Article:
How the sale-lease-back treadmill ends

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What GOL’s bankruptcy tells us about the limits of the SLB treadmill

Airline: “Here’s the deal: You buy my airplane, and I’ll lease it back from you. But I want you to pay more than I paid for it, and I’ll increase how much money I give you each month.”

Lessor: “So, I give you extra cash and you pay me back with that cash?”

Airline: “Yeah, deal?”

Lessor: “Deal.”

The sale-lease-back transaction (SLB) has existed in commercial aviation for years. It’s nothing new.

Selling the aircraft for more than you paid for it and leasing it back at a higher rate is nothing novel either. Some call it the “overtrade,” and it has been a successful way of raising cash for growing airlines.

Much has been made of Frontier’s booking gains from SLB overtrades during the first quarter of 2024. This is nothing new for Frontier, nothing new for U.S. airlines, and certainly nothing new for the global industry.

What is new is how the gains from these overtrades are reported. Frontier recently considered them revenues (negative operating expenses, to be precise). Doesn’t change anything for the finances of the airline, just how the numbers are reported. Fair enough.

But while the North American world remains fascinated with where Frontier puts its numbers, the rest of the world says, “Hold my beer, watch this.”

More accurately, “Hold my cerveja…”

The SLB overtrade works like this: You sell the airplane for more than you bought it. That generates cash, but it also generates higher lease payments. Hopefully, the aircraft generates profit, and that profit pays the higher lease rates while the cash is used to grow the business.

But sometimes, it doesn’t work that way. Sometimes, you need the cash from one SLB transaction to pay the higher lease rates from the others.

This is what we call the “SLB treadmill,” and GOL is what happens when the treadmill ends.

GOL currently controls 139 aircraft. Of those 139 aircraft, GOL owns two. 137 are owned by lessors and leased to GOL. Not all of these aircraft were necessarily sale-lease-back, but many were.

At the same time, GOL has 87 aircraft on order – as in GOL will buy the aircraft then sell them directly to a lessor for some extra spending cash with a higher monthly payment.

However, each aircraft that delivers under an SLB increases the new monthly payments for the fleet. The first aircraft may net you $10 million for an additional $100,000 per month, giving you just over eight years to use the cash to pay back the extra.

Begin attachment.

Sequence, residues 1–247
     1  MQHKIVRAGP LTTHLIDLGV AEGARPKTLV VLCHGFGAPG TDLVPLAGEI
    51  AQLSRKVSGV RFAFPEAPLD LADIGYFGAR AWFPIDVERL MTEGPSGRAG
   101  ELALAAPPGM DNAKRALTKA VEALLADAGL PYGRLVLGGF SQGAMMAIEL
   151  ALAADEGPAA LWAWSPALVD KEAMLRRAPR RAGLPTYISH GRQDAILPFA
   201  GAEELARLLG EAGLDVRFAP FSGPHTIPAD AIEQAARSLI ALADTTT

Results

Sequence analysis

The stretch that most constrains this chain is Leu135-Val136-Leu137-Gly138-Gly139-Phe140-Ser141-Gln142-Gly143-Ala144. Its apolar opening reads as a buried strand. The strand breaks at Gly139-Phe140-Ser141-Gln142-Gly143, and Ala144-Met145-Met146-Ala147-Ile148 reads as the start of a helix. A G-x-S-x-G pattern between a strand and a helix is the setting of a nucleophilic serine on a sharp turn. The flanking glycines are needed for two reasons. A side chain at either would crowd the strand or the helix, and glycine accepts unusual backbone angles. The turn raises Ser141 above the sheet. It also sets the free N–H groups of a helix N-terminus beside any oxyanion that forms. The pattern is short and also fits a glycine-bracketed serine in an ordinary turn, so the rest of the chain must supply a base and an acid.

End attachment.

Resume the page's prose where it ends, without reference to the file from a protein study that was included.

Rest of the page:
But the 100th aircraft will net you $10 million while your cumulative lease rate increases now amount to $10 million per month – one airplane a month must be delivered just to pay for the extra cash you took (and probably spent).

The delivery treadmill has to keep running to fund the airline. What happens when the deliveries can’t keep up?

If you’re not generating a profit from the operation long enough, the treadmill ends. For GOL, it was a Chapter 11 bankruptcy filing.

Paradoxically, Boeing’s inability to deliver 737s to GOL at a rate that funded the rest of the operation likely prematurely ended the treadmill. Were those aircraft needed? That’s a different question.

It’s this treadmill that triggered concerns following Frontier’s earnings call. Only, if Frontier is on the treadmill, it’s not moving at a very fast pace, yet.

The point is to be able to invest the extra cash from the overtrade to slow down the treadmill before it shoots you off the end. That comes by way of a profitable operation.

Frontier does not currently have a profitable operation. But it does have a long way to go before anything becomes problematic. Just like many other airlines that have benefited from sale-lease-back transactions.

The treadmill, itself, isn’t necessarily bad. But, like my father loves to remind me:

“It’s not the fall that kills you. It’s the sudden stop at the end.”


faça um teste:

GOL is still a powerhouse in Brazil. The question is, where?

We’ll spot you its largest market. São Paulo Congonhas Airport (CGH).

What markets round out the remaining ten?


The answer:

Now for the next test. Can you name each code?

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